Since September 26, there have been 22 cases of lung injury associated with vaping among residents of San Diego County, county supervisors Dianne Jacob and Nathan Fletcher said in a statement calling for a ban on the sale of products. flavored tobacco and a moratorium on vaping. devices.
Of those cases, nearly two-thirds are between 18 and 24, and 16% are under 18, officials said.
“Big tobacco prays for our children, and we have an obligation to protect our children and public health,” they said.
High school students say it’s common to see peers vaping off campus and even on school grounds, where they hide the practice in secluded spaces or behind clothing.
“A lot of people throw big clouds in the bathroom,” said a 14-year-old boy in ninth grade at San Marcos High. “They do it because of the popularity and then the flavor.”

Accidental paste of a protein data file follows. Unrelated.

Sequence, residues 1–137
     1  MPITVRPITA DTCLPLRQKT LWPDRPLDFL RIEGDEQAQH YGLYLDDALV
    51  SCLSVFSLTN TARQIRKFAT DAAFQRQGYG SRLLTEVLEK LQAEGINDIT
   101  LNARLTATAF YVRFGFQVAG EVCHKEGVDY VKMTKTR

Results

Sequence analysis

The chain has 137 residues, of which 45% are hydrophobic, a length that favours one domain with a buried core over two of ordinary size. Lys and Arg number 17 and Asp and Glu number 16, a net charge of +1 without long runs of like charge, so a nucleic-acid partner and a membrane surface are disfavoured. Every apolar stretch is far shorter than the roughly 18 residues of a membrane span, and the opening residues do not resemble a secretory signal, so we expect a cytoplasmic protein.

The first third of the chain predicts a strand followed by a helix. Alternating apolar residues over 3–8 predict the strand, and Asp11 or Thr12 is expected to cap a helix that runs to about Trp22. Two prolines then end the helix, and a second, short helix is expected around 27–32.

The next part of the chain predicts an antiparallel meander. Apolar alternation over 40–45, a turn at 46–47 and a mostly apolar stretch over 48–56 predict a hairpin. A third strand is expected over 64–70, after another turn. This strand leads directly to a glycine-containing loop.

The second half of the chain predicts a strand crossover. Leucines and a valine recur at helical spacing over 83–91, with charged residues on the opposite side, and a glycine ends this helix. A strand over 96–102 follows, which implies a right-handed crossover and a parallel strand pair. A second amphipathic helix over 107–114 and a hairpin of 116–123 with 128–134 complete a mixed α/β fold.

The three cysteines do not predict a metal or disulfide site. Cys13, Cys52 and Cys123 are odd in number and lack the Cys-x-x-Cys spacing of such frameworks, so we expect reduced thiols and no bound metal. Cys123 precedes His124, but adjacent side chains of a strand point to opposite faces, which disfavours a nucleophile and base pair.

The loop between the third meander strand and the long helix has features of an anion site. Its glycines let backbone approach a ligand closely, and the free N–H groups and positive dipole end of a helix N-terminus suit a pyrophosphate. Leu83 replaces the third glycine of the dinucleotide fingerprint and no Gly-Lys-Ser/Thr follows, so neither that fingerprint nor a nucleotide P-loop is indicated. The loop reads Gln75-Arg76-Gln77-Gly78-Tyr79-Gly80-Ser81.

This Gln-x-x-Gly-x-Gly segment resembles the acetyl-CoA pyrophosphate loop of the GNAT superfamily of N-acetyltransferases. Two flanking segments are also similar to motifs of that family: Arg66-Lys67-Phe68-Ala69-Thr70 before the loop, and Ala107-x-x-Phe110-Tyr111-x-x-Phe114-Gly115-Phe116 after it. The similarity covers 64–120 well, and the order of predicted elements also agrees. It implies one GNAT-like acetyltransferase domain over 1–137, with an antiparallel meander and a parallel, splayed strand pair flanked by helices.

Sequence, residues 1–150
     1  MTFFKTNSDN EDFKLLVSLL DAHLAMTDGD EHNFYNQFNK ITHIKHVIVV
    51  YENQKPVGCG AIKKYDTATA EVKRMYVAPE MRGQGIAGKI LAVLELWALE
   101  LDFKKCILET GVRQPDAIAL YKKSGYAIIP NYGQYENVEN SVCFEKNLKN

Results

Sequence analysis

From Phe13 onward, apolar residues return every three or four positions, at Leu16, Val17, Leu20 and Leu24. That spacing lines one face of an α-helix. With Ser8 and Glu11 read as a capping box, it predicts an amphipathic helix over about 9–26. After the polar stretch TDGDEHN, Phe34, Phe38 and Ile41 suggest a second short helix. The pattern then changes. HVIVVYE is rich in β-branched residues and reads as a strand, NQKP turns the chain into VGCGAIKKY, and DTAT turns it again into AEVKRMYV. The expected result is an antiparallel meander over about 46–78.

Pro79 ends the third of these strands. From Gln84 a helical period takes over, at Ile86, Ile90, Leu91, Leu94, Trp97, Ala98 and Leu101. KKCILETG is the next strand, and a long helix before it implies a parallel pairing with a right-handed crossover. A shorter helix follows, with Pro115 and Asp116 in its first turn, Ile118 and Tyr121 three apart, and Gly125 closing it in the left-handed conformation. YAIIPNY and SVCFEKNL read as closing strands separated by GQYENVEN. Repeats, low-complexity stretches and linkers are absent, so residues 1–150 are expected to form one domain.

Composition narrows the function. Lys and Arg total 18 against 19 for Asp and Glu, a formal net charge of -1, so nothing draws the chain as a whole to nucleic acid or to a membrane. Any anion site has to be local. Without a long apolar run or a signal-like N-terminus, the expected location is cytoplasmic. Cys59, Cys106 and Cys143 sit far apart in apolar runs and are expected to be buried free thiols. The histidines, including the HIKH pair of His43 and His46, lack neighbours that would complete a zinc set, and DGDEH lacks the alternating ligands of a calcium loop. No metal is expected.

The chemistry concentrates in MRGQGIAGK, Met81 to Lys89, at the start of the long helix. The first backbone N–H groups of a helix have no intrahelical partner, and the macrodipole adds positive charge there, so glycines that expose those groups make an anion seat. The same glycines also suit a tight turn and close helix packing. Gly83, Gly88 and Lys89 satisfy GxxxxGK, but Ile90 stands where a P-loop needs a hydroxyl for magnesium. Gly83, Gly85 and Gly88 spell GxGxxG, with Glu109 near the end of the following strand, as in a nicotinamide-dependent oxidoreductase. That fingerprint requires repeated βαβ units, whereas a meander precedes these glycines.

With devices designed to look like USB sticks, pens, or lipstick tubes, vaping products are easy to hide. The Juul vaporizer, with the highest share in the vaping market, is a 3.5 inch thin metal stick.
“They look harmless because they don’t alert anyone,” Dijak said. “The doesn’t look like paraphernalia. “
The clandestine aspect of the activity may be part of its appeal; teens say some classmates seem to enjoy the chance to vape in unlikely places.
“Once at the theater, I climbed a ladder to where a projector was and saw two kids vaping,” said a 15-year-old girl, also in grade 10 at San Marcos High.
While most teen vaping involves nicotine products, marijuana vaping is on the rise among high school students, Crittenden said. About 15 percent of Grade 11 students say they use marijuana on a regular basis, and of these, 17 percent inhale it using vaping devices. This is a dramatic increase from just 1% two years ago, he said.